Tonsils and adenoids: when is it necessary to remove them?

In the past, it was a very common intervention among children. Today, however, we tend to do it only in some cases. Let’s see why.

What are tonsils and adenoids?

The tonsils, or rather palatine tonsils, consist of lymphatic tissue. They have an egg-like shape and are located in the back of the mouth, at the side of the uvula.

Adenoids, also called pharyngeal tonsils, are also composed of lymphatic tissue and are located at the back of the nasal cavities.

What are they for?

During childhood, the tonsils and adenoids play a very important role in the child’s immune system: they protect the respiratory tract and complete the body’s immune defenses.

Also due to their strategic location for airway protection, these organs can be exposed to a large number of infections. Mostly these are viral phenomena, but in some cases they can also be bacterial.

Adenoviruses and rhinoviruses are the main culprits, while, among bacteria, streptococci cause most of the disorders.

When they become inflamed

Depending on whether the inflammation affects the tonsils or adenoids, the symptoms may be different:

Tonsillitis symptoms Adenoiditis symptoms
Difficulty swallowing Breathing difficulties
Enlargement and redness of the tonsils Hearing problems
Visible plaques on the mucous membranes that surround them Sleep apnea
Sore throat also severe Restless sleep
Presence of swollen glands in the neck Noisy breathing
Bad breath Breathing from the mouth
Fever Snoring
Nasal voice
Discharge from the nose associated with coughing
Ear infections

Once you have identified the agent that caused the infection, your doctor will suggest the most appropriate therapy.

When the disorder is of viral origin, it wears off spontaneously within 7-10 days. Nonsteroidal anti-inflammatory drugs (NSAIDs) may be helpful to reduce discomfort.

In the case of bacteria, on the contrary, treatment with antibiotics may be indicated.

When they become a problem

How can a part of the body that helps defend us from infection become something “unwanted”?

Precisely because of their protective function, today we tend to perform a tonsillectomy, or a surgical removal of the tonsils, or an adenoidectomy, ie a removal of the adenoids, only in well-defined cases, contrary to what happened in the past.

In particular, the specialist could propose this solution in the event that the child is suffering from repeated tonsillitis (2 or 3 episodes per year, for 3 or more consecutive years).
In rare cases, irritated tonsils and adenoids can become excessively enlarged and cause breathing problems, especially during sleep.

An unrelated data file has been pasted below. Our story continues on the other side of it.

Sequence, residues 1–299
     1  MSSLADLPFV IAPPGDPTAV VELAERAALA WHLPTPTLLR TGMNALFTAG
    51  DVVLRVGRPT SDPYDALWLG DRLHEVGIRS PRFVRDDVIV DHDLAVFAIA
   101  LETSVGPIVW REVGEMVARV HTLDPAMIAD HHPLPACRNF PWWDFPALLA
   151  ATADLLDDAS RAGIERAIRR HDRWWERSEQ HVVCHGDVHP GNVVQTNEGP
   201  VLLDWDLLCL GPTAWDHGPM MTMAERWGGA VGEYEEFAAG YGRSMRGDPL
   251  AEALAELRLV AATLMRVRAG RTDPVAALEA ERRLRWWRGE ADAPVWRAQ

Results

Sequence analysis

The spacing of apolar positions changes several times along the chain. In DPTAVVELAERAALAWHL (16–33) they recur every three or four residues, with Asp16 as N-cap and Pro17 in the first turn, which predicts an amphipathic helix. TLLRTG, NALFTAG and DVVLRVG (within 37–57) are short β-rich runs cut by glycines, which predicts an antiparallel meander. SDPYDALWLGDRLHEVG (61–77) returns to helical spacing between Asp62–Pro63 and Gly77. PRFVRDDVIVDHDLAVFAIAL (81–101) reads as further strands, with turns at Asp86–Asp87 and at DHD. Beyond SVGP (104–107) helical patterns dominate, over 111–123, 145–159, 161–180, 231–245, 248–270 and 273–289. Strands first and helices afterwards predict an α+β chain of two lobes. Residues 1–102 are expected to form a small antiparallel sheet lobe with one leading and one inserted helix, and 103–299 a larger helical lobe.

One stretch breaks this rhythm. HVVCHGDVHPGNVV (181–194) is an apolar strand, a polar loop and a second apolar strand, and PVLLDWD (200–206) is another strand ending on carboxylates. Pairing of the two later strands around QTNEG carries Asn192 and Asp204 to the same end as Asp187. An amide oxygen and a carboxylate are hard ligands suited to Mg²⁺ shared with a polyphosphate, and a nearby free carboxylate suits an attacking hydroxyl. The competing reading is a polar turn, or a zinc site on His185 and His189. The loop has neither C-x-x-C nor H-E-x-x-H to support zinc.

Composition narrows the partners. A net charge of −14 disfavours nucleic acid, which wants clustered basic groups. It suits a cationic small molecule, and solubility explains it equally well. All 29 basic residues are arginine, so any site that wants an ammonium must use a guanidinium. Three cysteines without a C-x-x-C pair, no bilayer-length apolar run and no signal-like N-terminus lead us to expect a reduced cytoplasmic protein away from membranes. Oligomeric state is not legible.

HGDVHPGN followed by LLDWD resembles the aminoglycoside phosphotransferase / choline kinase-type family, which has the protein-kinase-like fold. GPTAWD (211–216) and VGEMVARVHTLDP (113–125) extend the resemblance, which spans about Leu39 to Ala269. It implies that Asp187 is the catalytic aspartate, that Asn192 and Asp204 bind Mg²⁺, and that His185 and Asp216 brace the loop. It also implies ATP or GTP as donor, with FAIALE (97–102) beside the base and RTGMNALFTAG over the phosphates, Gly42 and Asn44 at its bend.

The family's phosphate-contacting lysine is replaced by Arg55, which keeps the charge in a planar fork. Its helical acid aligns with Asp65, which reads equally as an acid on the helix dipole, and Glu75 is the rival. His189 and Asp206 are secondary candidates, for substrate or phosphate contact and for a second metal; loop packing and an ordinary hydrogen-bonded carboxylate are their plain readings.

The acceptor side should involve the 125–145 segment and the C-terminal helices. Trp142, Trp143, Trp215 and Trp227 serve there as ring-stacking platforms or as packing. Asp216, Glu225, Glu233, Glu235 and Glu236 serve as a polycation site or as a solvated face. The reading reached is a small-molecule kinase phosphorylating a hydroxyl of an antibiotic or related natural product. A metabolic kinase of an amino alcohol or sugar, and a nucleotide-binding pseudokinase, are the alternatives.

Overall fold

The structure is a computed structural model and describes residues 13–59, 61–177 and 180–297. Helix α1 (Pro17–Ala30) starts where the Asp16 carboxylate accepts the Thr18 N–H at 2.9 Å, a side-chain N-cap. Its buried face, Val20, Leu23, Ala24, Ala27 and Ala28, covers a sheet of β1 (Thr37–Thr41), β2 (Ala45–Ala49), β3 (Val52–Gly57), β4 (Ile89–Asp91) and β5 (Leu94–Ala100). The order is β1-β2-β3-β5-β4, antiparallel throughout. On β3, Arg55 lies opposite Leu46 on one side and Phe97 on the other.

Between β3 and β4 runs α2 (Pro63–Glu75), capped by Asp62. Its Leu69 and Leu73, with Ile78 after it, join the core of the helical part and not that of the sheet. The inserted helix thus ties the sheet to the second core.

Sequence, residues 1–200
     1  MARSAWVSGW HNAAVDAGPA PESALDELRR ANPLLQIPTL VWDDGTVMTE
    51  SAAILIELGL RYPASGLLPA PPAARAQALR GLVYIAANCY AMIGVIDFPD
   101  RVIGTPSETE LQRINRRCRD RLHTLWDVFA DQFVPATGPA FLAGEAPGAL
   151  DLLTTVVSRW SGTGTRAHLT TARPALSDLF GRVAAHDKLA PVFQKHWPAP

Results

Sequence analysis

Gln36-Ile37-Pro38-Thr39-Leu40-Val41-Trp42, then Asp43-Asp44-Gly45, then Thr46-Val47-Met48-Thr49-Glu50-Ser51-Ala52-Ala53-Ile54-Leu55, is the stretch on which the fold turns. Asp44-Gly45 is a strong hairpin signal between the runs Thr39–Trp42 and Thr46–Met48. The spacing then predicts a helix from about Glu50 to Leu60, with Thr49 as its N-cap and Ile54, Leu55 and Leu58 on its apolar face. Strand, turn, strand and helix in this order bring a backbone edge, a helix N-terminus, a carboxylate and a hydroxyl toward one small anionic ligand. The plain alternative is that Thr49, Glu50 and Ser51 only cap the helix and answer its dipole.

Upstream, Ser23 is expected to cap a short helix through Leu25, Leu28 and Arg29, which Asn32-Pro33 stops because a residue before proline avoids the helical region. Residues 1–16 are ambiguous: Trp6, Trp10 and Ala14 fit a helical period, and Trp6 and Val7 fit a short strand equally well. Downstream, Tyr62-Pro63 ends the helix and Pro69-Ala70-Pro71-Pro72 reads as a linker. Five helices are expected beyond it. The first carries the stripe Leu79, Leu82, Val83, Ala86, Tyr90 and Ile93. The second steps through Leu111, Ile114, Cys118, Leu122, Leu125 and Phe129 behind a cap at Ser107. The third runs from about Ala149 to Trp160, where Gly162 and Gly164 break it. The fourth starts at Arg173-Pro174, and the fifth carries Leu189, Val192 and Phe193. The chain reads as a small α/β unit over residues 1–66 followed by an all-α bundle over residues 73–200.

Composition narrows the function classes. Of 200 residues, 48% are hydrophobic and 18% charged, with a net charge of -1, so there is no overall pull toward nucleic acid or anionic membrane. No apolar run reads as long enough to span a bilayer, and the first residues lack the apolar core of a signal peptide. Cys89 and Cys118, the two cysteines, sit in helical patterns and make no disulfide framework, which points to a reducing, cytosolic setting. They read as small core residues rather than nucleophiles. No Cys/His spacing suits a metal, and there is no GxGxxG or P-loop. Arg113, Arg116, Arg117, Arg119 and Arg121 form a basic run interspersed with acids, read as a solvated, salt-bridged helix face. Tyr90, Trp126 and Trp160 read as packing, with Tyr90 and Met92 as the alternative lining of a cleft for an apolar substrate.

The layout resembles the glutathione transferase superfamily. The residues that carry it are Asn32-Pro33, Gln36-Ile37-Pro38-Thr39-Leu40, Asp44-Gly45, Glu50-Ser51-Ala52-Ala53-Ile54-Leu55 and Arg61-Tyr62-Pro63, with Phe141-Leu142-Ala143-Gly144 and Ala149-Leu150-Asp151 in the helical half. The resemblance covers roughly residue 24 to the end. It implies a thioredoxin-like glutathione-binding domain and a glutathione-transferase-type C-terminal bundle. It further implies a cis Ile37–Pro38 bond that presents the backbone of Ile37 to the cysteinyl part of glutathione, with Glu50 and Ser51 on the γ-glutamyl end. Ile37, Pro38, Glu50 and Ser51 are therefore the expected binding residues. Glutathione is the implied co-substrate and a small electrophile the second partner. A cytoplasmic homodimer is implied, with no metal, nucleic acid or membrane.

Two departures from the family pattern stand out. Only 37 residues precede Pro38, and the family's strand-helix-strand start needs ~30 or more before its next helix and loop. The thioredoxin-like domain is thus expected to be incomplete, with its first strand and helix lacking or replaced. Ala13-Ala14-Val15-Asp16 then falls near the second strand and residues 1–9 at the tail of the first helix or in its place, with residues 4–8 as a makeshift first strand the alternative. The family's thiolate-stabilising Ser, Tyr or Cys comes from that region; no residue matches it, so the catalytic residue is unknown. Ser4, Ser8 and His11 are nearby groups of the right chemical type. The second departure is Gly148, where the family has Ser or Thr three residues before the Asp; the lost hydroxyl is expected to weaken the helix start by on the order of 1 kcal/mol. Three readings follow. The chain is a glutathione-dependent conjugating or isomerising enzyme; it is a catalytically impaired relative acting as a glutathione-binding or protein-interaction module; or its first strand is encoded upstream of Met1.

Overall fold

The presence of enlarged adenoids can also lead to disorders in the ears, such as the appearance of recurrent otitis.

Also in these situations removal may be indicated.

A safe intervention?

Tonsillectomy is one of the most frequent interventions in children: it is therefore a safe procedure. The same applies to the removal of adenoids.

However, as with any surgical operation, it is always important to weigh the risks and benefits for possible complications related to surgery or anesthesia. It is in fact a procedure usually carried out under general anesthesia.

Removal of adenoids may be associated with improvement of rhinosinusitis symptoms and reduction of episodes of otitis media with the presence of phlegm in children over 3 years of age. Tonsillectomy, on the other hand, can promote the reduction or elimination of episodes of tonsillitis and the improvement of breathing.

After surgery, rest is recommended for a few days. In fact, annoyances such as:

  • sore throat
  • pain in the ears or when swallowing
  • vomit
  • fever
  • bad breath.

These are normal consequences of the surgical procedure and there is no need to be alarmed. In case of doubt, however, it is essential that you contact your trusted pediatrician.

Joycelyn Elders is the author and creator of EmpowerEssence, a health and wellness blog. Elders is a respected public health advocate and pediatrician dedicated to promoting general health and well-being.

The blog covers a wide range of topics related to health and wellness, with articles organized into several categories.

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